He Leadeth Me!


Sam Storms:

In 1862 Joseph Gilmore wrote one of the more familiar of our traditional hymns: He Leadeth Me.

He leadeth me, O blessèd thought! O words with heav’nly comfort fraught!
Whate’er I do, where’er I be, Still ’tis God’s hand that leadeth me.

He leadeth me, He leadeth me,
By His own hand He leadeth me; His faithful follower I would be,
For by His hand He leadeth me

When Jesus turns to describe himself as the Good Shepherd who lays down his life for his sheep, he not only speaks of how he loves us but also how leads us.

“Truly, truly, I say to you, he who does not enter the sheepfold by the door but climbs in by another way, that man is a thief and a robber. But he who enters by the door is the shepherd of the sheep. To him the gatekeeper opens. The sheep hear his voice, and he calls his own sheep by name and leads them out. When he has brought out all his own, he goes before them, and the sheep follow him, for they know his voice. A stranger they will not follow, but they will flee from him, for they do not know the voice of strangers” (John 10:1-5).

This is truly good news. Jesus not only knows us personally and intimately, he not only loves us as “his own,” but he also speaks to us in a voice that is immediately recognizable. This is how he leads us. At the end of John 10:3 we see that he “leads them out.” In v. 4, “he goes before them, and the sheep follow him.”

Hearing God’s voice is essential to any truly personal relationship. Fellowship and intimacy are impossible without communication. Mute affection is a contradiction in terms. He speaks to us primarily in and through his written Word. Do you realize that the Good Shepherd, Jesus Christ, is speaking to you personally and intimately every time you read your Bible? He is doing it through the very words you see on the pages of your Bible. Seeing and reading Scripture is not only a supernatural experience, it is an expression of the shepherd’s voice being heard by the sheep!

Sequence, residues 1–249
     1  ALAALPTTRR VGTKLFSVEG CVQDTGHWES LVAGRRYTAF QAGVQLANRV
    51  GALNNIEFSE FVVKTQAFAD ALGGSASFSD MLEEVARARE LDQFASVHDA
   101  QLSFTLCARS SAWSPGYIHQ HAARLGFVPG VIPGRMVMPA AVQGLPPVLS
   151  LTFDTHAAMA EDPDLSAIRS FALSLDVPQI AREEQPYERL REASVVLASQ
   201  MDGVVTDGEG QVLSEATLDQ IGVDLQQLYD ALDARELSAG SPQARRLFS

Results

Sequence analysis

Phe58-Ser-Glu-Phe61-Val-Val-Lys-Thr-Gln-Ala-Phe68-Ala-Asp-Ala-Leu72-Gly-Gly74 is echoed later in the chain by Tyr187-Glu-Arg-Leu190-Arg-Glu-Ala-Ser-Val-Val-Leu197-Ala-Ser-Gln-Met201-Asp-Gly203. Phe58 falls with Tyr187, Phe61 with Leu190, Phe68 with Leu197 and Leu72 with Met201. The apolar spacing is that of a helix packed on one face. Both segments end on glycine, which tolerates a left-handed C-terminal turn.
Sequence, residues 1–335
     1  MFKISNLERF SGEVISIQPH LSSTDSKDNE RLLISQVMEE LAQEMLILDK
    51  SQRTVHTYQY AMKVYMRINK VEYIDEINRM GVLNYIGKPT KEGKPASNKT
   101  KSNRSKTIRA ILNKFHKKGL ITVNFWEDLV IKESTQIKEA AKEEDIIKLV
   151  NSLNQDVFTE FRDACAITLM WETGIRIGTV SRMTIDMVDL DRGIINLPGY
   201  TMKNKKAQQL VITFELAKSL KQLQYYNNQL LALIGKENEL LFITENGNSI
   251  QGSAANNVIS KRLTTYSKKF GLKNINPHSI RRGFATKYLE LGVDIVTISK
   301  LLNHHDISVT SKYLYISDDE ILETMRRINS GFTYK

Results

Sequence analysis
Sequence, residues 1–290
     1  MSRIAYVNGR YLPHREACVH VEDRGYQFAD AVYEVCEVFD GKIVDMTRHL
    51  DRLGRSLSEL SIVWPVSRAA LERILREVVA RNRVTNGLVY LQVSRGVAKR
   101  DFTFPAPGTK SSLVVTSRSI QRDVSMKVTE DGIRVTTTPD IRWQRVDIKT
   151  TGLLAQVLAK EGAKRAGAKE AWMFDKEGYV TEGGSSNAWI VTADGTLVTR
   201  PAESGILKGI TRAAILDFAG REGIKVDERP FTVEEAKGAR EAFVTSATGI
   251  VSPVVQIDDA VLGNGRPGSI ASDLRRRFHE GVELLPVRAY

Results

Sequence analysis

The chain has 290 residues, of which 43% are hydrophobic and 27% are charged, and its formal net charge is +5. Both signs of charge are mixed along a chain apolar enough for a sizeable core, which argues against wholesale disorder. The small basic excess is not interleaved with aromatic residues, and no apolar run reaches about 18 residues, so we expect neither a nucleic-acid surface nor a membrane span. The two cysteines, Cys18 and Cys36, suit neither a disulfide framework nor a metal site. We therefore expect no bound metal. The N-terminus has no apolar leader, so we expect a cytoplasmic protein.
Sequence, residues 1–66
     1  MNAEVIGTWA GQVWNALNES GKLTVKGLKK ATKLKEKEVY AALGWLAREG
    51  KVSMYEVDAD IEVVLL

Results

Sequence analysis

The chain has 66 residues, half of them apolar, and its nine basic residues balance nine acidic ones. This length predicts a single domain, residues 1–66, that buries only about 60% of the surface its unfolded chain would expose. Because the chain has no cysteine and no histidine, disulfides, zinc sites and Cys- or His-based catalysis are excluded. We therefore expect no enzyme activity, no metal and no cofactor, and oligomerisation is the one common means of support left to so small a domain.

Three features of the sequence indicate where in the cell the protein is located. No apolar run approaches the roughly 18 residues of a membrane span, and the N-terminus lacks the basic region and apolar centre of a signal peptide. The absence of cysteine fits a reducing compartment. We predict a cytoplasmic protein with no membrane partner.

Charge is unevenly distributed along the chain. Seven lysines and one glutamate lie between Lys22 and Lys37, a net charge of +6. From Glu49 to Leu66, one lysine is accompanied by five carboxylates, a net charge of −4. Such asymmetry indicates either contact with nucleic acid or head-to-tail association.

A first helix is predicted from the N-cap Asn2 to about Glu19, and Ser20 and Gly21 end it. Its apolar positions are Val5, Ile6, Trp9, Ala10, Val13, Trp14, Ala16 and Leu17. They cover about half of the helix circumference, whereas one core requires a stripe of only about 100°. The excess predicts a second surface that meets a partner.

Unlike shepherds in the modern, western world who drive their sheep, often using a sheep dog to keep them under control, shepherds in the ancient near east lead their flocks, their voice alone providing the guidance necessary. Thus we read in Psalm 23 that as our shepherd “he leads” us beside still waters and “he leads” us in paths of righteousness (Ps. 23:2b3b).

God isn’t surprised by your trials. He doesn’t just follow along behind you mopping up the messes of your life. He goes before you, he leads you, stepping out ahead and setting a straight path. Joni Eareckson Tada put it this way:

“God is more than an emergency phone number. He’s more than a clean-up crew with hammer and nails and glue. He’s more than an insurance adjuster with a sharp pencil and a big checkbook. He’s out in front of you . . .preparing, planning, going before, leading and guiding you every step of the way” (100).

And what happens when we do wander off the path and fail to follow? What happens when sin causes us to swerve off the path of his leadership?

So he told them this parable: “What man of you, having a hundred sheep, if he has lost one of them, does not leave the ninety-nine in the open country, and go after the one that is lost, until he finds it? And when he has found it, he lays it on his shoulders, rejoicing. And when he comes home, he calls together his friends and his neighbors, saying to them, ‘Rejoice with me, for I have found my sheep that was lost’ (Luke 15:3-6).

This is why he is such a Good Shepherd. Praise be to God!

Peter serves as a pastor-teacher, at home and abroad, resourcing gospel-centred communities.